Short History of the Area


The area in which the estate is located is known in general terms as the Bankenveld, a transitional zone separating the rolling plains of the Highveld in the south from the flat land of the Middelveld and Bushveld in the north. The Bankenveld consists of a series of ridges and valleys extending east-west. The major ridge in the region around the development site is the Bronberg, known (from previous archaeological and historical research) to be rich in Stone Age artefacts, Iron Age artefacts and sites and colonial sites such as graves, farmsteads and fortifications.

 

Habitation of the larger geographical area took place since Stone Age times. This is confirmed by the occurrence of stone tools dating to the Middle and Late Stone Age found in a number of places. Stone Age tools associated with the Middle Stone Age are common in the area, especially along the spruits where they cut through poorts and valleys and at the lower parts of the ridges and mountains. These indicate that the area was inhabited and exploited by humans as far back as about 100 000 years ago. Stone Age rock engravings occur on the neighbouring farm Mooiplaats 367 JR.

 

Evidence of the presence of Early Iron Age pastoral communities in the Bankenveld about AD 350 is confined to a few sites, including Broederstroom. The entire Early Iron Age community left the Bankenveld about AD 600. The Bankenveld was again occupied some 400 years later by Middle Iron Age communities and from AD 1200 by Tswana-speaking communities who dominated the Oori (Crocodile River) region. This region prospered due to an abundance of natural resources (water, vegetation, building materials, iron ore) and also served as the interchange between two major trade routes of the time.

 

Many sites dating to the Late Iron Age are found in the larger geographical area. Some of them can be related to the Tswana-speakers, whereas others to the Manala Ndebele-speakers. On Kleinfontein and other farms there used to be a composite Manala settlement known as Embilaleni. Kleinfontein included a group of villages known as Esibayeni, meaning In the cattle kraal. According to the literature, no Manala spokesperson was able to clarify the etymology and possible location of this settlement.

 

The Iron Age sites tend to cluster in the Bronberg as well as on the more open flatlands, especially in areas where outcrops (dolerite, etc.) occur. It is possible, although not yet proven, that this difference can be linked to the settlement difference between the Sotho and Ndebele.

 

This period of relative prosperity ended through environmental degradation, overpopulation, local conflict and widespread upheaval perpetuated by the reign of the Matabele in the 1820s and 1830s and the permanent settlement of the Voortrekkers in the 1840s.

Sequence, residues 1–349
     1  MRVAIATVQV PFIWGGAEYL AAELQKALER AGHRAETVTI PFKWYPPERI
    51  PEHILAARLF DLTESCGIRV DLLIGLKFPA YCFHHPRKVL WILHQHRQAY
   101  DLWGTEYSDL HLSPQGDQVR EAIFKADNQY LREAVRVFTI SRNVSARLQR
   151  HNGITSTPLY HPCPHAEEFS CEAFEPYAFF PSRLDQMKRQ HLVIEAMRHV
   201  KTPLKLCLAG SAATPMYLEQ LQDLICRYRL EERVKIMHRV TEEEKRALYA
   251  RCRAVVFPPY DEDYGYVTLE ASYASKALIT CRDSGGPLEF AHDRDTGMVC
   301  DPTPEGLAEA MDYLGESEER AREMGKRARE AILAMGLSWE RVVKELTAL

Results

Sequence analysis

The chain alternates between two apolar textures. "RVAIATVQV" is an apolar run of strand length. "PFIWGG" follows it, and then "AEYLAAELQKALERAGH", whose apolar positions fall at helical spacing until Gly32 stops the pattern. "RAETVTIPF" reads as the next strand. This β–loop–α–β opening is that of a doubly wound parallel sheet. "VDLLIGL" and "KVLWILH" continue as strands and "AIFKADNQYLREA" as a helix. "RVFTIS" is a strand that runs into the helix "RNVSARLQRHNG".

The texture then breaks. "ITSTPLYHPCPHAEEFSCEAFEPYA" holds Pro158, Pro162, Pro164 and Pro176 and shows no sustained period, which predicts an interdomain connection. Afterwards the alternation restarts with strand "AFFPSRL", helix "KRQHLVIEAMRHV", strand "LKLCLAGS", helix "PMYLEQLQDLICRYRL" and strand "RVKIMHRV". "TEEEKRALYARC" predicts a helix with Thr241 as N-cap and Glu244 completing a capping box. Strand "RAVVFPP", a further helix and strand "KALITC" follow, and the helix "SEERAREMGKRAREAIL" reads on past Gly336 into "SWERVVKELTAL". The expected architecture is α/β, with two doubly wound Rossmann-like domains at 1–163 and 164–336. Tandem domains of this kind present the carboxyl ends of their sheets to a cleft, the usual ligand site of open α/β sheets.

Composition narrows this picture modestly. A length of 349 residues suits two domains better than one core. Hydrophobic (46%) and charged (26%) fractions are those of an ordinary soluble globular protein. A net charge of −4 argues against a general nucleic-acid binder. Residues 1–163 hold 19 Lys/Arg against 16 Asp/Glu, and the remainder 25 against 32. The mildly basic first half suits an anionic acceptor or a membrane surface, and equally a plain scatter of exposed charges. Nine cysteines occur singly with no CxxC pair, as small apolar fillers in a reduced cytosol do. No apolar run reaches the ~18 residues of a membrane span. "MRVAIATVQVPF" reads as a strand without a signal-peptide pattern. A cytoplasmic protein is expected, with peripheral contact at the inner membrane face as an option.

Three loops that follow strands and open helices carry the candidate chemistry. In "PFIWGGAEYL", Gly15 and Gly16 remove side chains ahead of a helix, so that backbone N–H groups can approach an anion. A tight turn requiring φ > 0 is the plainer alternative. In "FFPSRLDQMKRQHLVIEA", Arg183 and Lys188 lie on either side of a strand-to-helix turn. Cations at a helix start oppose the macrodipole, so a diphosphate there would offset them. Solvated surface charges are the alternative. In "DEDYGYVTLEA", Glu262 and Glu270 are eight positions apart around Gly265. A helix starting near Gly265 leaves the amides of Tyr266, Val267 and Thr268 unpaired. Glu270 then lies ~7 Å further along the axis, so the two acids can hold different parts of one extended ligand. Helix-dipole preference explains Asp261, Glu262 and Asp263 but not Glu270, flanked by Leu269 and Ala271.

The first white colonists who settled in the Bronberg area came for very much the same reasons as the Iron Age groups: water and grazing for cattle, water for crop-farming, trees, thatching grass, clay for making bricks and pots, mild climate, wildlife and the presence of the mountains as shelter and protection.

 

However, the principal goal of the Voortrekkers who ventured over the Vaal River was to establish their independence and security. The area claimed by the Voortrekkers after the conquest of Mzilikazi was demarcated at a public meeting on 16 October 1840 held in Potchefstroom. Initially, the areas of Suikerbosrant (Heidelberg), Schoonspruit (Klerksdorp), Mooirivier (Potchefstroom) and Magaliesberg, all within limits of the original claim of 1840, were the most popular locations for settlements, but by 1855 settlements had been established beyond the originally claimed area.

 

Burghers selected farms (such as Kleinfontein and then provided a description of the farm to the local landdrost, who noted the detail in a registration book and gave the claimant a copy. Claimed land then had to be inspected before a title and deed were issued. Since the registration of land entailed registration costs and annual land taxes, it was often delayed as long as possible. As a result, the registration of land claimed on the basis of burgher rights continued well into the 1890s.

 

The Kleinfontein Ridge was occupied by an advanced Boer force commanded by General Tobias Smuts during the Battle of Diamond Hill (11-12 June 1900). These forces faced the City Imperial Volunteers and the 32nd Infantry Brigade commanded by Maj-Gen Bruce Hamilton. On the first day of this battle these British forces succeeded in driving the Boer forces commanded by Smuts from their positions. 

Dr Robert de Jong

 

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Boschkop, Pretoria, Gauteng, South Africa

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